Kathryn Watts presents a very convincing argument on the new and improved pasture grasses now being planted and how the non-structured carbohydrates (NSCs) vary among them. NSCs have long been known to have a major role in laminitis and EMS, so management of these simple sugars is crucial for healthy horses.
Kellon then makes a strong case for better hay analysis so that we actually know what is being fed to our horses, following with a chapter on balancing the diet. There is no doubt this information is often overlooked by the average horse owner. Its importance is obvious, but not often easily understood.
More Than Just Feet
One of the nice things about this book is that it flows. Dr. Kerry Ridgeway follows the metabolic and nutritional papers with a paper on the gastrointestinal tract, ulcers, colitis and the treatment of these common GI problems. This is a very informative and clearly presented section, describing in great detail the disorders and the treatment. Treatment costs and effectiveness are clear so readers get a selection of possibilities for treatment at a cost they can deal with; a very practical approach.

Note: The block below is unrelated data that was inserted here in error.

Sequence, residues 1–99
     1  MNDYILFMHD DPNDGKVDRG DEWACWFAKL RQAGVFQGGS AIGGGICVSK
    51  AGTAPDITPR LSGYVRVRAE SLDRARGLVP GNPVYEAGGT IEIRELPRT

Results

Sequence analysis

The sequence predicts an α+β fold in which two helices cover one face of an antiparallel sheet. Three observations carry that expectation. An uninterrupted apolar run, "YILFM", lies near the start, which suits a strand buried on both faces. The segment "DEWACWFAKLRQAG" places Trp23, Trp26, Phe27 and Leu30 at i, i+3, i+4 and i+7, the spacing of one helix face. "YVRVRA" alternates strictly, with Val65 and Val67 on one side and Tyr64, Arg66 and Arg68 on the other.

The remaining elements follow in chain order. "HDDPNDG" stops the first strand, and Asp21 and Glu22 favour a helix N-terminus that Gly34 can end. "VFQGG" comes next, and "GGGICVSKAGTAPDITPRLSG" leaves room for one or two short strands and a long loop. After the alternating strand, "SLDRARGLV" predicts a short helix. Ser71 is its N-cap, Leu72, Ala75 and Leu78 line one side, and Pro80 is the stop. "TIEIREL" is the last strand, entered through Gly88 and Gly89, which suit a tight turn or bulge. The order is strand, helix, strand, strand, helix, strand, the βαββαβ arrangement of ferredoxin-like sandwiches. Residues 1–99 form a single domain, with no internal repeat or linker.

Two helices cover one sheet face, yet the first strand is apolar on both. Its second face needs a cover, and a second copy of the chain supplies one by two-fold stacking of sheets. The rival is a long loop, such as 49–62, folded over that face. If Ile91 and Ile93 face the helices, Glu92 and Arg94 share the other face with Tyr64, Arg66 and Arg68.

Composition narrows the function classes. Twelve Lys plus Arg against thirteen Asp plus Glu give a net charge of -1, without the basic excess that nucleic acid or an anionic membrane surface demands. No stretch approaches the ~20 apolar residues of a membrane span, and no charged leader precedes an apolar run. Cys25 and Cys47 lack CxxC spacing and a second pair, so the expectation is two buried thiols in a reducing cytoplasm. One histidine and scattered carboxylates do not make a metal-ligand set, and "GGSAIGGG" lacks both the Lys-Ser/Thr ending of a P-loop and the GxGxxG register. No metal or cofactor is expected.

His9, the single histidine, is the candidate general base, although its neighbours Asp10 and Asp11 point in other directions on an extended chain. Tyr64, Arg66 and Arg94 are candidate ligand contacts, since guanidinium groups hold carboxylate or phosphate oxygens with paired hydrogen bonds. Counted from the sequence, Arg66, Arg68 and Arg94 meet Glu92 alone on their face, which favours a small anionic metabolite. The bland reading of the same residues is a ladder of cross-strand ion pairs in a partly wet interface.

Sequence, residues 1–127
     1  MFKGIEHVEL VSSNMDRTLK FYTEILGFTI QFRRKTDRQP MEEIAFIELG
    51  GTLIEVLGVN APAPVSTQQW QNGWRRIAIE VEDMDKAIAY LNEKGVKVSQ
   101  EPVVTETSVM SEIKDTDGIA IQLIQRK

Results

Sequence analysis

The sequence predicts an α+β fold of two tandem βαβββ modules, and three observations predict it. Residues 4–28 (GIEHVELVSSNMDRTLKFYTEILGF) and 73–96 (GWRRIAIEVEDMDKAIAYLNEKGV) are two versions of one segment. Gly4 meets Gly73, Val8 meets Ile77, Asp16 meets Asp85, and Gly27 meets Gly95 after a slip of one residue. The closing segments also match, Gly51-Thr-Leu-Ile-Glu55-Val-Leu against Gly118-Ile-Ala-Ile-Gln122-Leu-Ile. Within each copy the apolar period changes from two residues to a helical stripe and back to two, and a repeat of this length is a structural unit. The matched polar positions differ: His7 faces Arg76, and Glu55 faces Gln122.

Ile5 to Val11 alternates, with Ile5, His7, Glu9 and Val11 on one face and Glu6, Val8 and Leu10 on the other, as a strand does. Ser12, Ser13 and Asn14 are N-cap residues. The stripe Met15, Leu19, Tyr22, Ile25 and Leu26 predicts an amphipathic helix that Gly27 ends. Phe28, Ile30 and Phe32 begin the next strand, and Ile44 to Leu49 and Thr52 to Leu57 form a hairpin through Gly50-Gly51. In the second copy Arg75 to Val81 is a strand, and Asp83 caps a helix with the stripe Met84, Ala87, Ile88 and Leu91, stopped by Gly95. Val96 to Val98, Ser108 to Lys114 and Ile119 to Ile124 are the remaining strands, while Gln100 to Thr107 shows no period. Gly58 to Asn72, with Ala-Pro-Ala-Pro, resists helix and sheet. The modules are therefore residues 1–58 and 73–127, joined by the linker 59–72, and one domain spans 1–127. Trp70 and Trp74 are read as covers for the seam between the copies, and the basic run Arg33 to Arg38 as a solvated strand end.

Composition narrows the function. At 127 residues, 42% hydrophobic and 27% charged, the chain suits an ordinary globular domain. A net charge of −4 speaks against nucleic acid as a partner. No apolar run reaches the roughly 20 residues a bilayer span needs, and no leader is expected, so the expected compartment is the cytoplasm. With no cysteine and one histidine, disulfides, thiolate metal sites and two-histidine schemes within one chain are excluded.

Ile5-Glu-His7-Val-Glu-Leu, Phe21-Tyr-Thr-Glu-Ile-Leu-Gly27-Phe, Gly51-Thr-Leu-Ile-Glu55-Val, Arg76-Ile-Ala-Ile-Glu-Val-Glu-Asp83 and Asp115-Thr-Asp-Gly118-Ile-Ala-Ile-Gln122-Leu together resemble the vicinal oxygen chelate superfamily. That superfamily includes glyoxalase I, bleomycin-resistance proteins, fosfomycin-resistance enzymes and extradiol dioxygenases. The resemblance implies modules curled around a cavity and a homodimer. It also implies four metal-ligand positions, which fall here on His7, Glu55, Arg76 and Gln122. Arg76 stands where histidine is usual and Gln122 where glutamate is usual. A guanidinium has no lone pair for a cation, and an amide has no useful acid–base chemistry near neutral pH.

Dr. Debra Taylor does a great job describing the EMS patient and its problem feet. She spends time explaining the differences in treatment protocol of the syndrome and the feet, as well as the biochemical basis for some of these differences.
Her very clear and adamant stance for proper radiographic marking to properly gather information on the current status, prognostication and treatment is worth the read.
Another excellent chapter is on the use of venograms in information gathering and the importance this information may give you in the clinical management of these often-difficult cases.
Taylor’s stance is the more information you gather, the better. More data will help you in your evaluation if you get a recurrence or setback of the patient’s recovery.
I have long loved reading the writing of Dr. Hilary Clayton and her contribution to this book is no exception. She takes the time to break down the weight-bearing phase, foot function during locomotion, forces, range of motion of the distal limb joints during load and propulsion and the resulting swing phase from that weight bearing. Clayton’s papers are always informative and written so that even I can understand it.